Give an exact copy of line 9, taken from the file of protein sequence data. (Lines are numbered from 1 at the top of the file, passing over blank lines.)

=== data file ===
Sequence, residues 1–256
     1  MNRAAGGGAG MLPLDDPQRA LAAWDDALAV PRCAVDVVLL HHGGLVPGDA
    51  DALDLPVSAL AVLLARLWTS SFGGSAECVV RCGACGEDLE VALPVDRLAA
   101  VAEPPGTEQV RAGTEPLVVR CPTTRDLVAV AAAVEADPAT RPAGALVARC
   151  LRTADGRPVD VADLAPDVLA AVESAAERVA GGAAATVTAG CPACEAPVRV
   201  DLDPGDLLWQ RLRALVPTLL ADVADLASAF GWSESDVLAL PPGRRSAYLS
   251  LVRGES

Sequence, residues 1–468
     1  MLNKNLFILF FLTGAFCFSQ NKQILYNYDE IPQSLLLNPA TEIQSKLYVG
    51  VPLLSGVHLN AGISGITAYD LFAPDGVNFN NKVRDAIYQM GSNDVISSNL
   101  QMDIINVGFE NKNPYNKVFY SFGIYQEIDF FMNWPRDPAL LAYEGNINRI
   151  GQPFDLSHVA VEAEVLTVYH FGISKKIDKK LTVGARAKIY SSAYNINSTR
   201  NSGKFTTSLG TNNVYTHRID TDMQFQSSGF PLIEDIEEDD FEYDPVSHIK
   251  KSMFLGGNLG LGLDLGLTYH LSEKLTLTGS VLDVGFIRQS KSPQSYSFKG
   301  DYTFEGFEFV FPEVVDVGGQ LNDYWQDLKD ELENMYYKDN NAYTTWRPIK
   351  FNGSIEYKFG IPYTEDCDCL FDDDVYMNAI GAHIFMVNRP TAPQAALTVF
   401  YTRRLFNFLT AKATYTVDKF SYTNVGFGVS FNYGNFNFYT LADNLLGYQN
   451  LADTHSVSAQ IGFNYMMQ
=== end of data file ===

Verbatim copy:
     1  MLNKNLFILF FLTGAFCFSQ NKQILYNYDE IPQSLLLNPA TEIQSKLYVG